U.S. Justice Department announces clemency review of drug offenders

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“Although it’s being done through the pardon power, it really is a kind of administrative action to make some of the newer laws retroactive,” said Robert Weisberg, a law professor at Stanford University and co-director of the Stanford Criminal Justice Center.

I wonder how this is going to be spun by the right. “He’s buying votes!” or “He freeing criminals into the population!” are probably some of the tamer things that will be said.

Shame on Charles Grassley for trying to convolute the subject of sentencing for nonviolent drug offenders by needlessly adding “child pornography, terrorism, sexual assault, domestic violence, and various fraud offenses” into the discussion. Fear mongering at it’s best.

The US is home to draconian drug laws that have no positive effect on the community and only serve to protect the monopoly that dangerous drug cartels hold on the drug trade, and steal the futures of nonviolent drug offenders and turn them into violent criminals. Drug addiction treatment would do more than a prison sentence ever could.

But the prison-industrial complex is a powerful lobby, one that directly profits from incarcerating citizens. Any move to reduce sentencing for non-violent offenders, or focus on rehab over prison, will be met with fierce opposition; I guess we’ll find out who in congress has been bought off by the prison industry based on how they react to these developments.

Apr 23, 2014 1:25pm EDT  --  Report as abuse
Crash866 wrote:

USofRationality

And you said this:
the prison-industrial complex is a powerful lobby, one that directly profits from incarcerating citizens. Any move to reduce sentencing for non-violent offenders, or focus on rehab over prison, will be met with fierce opposition; I guess we’ll find out who in congress has been bought off by the prison industry based on how they react to these developments.

So putting people in prison who sell hard drugs is only about the prison system, the lobbying group they have and corrupt politicians?
Has nothing to do with putting criminals who sell poison behind bars and public safety.

I wonder how this is going to be spun by the left…oh wait you already did

Pot, Kettle, Black…

Apr 23, 2014 2:37pm EDT  --  Report as abuse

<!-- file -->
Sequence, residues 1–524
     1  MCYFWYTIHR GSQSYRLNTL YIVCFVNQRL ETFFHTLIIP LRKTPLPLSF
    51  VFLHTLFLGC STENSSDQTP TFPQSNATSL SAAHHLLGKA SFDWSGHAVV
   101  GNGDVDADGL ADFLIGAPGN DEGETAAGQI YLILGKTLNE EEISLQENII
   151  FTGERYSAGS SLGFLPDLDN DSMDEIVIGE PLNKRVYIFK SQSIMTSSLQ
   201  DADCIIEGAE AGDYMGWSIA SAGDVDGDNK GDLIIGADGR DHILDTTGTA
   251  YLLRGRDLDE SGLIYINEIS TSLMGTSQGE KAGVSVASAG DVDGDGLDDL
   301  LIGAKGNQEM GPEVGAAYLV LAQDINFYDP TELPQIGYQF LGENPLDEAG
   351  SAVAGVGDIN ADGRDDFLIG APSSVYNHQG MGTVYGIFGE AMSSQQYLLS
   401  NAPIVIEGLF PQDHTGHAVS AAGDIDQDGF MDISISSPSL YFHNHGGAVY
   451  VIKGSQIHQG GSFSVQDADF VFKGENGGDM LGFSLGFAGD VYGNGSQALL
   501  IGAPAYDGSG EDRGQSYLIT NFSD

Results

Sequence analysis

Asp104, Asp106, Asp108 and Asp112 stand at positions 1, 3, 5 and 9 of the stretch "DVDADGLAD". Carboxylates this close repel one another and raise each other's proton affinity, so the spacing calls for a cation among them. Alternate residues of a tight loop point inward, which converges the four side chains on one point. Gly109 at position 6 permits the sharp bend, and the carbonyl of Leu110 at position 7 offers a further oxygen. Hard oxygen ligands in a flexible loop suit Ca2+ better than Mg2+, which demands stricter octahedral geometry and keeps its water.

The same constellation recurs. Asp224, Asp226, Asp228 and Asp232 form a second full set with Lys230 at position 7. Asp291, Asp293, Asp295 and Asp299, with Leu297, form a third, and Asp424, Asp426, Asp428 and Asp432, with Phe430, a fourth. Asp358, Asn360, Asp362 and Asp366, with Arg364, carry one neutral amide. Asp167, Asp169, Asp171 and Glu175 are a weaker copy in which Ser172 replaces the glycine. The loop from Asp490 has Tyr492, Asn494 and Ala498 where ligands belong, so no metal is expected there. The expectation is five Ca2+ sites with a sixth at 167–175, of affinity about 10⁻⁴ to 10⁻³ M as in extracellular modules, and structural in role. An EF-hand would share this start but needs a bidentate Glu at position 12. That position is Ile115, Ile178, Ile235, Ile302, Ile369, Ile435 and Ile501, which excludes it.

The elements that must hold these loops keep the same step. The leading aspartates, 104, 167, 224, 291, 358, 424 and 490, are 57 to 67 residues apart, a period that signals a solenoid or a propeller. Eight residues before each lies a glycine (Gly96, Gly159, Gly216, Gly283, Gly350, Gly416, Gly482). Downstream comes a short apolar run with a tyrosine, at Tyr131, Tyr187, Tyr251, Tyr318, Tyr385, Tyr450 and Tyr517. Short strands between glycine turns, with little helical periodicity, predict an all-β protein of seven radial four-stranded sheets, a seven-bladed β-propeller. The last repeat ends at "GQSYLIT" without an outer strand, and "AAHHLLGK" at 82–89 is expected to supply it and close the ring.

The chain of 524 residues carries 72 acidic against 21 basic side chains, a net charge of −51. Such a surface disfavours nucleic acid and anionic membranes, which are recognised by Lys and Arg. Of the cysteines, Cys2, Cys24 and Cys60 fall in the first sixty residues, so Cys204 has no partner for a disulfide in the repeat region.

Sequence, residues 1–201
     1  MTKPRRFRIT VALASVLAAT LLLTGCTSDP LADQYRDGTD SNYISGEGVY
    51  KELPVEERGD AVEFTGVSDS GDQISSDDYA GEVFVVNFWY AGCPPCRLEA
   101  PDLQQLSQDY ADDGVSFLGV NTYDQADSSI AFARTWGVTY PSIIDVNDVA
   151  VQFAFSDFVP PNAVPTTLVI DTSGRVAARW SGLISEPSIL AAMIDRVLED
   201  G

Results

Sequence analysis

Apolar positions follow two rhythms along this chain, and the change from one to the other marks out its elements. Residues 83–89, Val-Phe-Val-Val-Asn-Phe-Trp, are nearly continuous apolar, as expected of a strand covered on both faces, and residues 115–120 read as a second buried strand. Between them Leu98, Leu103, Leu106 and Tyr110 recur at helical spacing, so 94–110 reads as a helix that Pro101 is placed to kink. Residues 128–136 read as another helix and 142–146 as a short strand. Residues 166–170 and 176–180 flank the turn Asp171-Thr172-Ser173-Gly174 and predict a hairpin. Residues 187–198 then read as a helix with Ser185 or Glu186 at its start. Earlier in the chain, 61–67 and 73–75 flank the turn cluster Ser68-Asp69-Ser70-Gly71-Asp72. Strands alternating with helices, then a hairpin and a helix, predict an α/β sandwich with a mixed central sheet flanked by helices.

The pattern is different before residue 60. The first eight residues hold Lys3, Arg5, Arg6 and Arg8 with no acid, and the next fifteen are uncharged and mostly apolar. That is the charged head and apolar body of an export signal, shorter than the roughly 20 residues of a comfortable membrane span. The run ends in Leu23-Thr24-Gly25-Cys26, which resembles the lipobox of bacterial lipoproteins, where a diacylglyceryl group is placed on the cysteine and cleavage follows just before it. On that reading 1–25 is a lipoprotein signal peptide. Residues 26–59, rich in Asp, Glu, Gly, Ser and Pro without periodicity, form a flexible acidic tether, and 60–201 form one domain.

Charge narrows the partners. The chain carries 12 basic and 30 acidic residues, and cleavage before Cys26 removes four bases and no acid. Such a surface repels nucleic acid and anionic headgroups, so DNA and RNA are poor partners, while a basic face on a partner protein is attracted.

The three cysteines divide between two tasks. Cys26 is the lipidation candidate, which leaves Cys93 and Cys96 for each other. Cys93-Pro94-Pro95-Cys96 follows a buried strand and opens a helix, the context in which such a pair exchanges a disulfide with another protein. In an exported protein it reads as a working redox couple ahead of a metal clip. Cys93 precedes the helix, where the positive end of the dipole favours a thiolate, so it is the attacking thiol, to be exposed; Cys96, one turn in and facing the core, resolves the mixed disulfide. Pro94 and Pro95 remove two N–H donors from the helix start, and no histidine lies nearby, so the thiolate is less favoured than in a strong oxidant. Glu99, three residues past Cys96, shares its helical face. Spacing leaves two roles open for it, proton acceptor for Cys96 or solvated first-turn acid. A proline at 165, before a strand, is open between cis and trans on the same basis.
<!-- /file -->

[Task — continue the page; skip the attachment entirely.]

Crash866 wrote:

Hard stance on guns. Check. Hard stance on hard drugs…not so much.

Apr 23, 2014 2:38pm EDT  --  Report as abuse

Crash866 wrote:
“So putting people in prison who sell hard drugs is only about the prison system, the lobbying group they have and corrupt politicians?”

I can play the semantics game, too:

Putting nonviolent drug offenders behind bars for years if not decades for the crime of supplying a product that should be legal is about one thing and one thing only: maintaining the abundant resource supply that the private prison industry profits off of – humans.

But anyway, thanks for shedding some light on the inner working of the mind of a fear monger :)

By the way, what is alcohol, nicotine, oxycontin, etc. if not drugs/poison? Why is it that only the drugs/poisons that conservatives like to indulge in are acceptable? And why do you want to government to stay out of YOUR business, but you want it to tell ME what I can and can’t do in the privacy of my own home?

Hypocrisy, thy name is Republican.

Apr 23, 2014 3:28pm EDT  --  Report as abuse
Chazz wrote:

One can only hope that when these non-violent crack cocaine pushers get out of prison and get back to business they sell their products to the children of our enlightened political leaders and citizens who think those products are not so bad.

Apr 23, 2014 3:35pm EDT  --  Report as abuse
TheNewWorld wrote:

@Chazz

100 years ago when we gave women the right to vote the religious zealots had enough people to finally mount a successful attack on our freedoms and liberties and started prohibition. Please tell me how that worked out, and then please tell me why we did not revers the prohibition on other substances such as marijuana, cocaine, and heroin. How do you think the war on drugs is going?

As far as this story goes, we finally reversed the racist laws that made crack cocaine worse than cocaine in the eyes of the law. The original drug laws were racist, and that law was racist. All the DoJ is doing is undoing the longer sentences given to people caught with crack cocaine, and shortened it to what the sentence would have been had it not been cooked…

Apr 24, 2014 11:27am EDT  --  Report as abuse
Snertly wrote:

Baby steps forward, or just the smallest possible smidgen to suggest that something reform-like might be happening?

If the administration wants to signal a change in the war on drugs, the best way to do this would be to remove marijuana from Schedule I.

Apr 24, 2014 12:41pm EDT  --  Report as abuse
Art16 wrote:

This is confusing at best. Let drug offenders out of jail early flies in the face of the “war against drugs” because the punishment never fit the crime. Too many people are soft on drugs, including Junior High Obama, who admitted his drug laced past, and it shows in his personality. If you want to seriously diminish drug dealers, make the punishment not worth the risk of doing it. This does nothing but send a message that drugs are OK and the government has a soft spot for drug crimes. The real soft spot is the brain of the DOJ.

Apr 24, 2014 12:51pm EDT  --  Report as abuse
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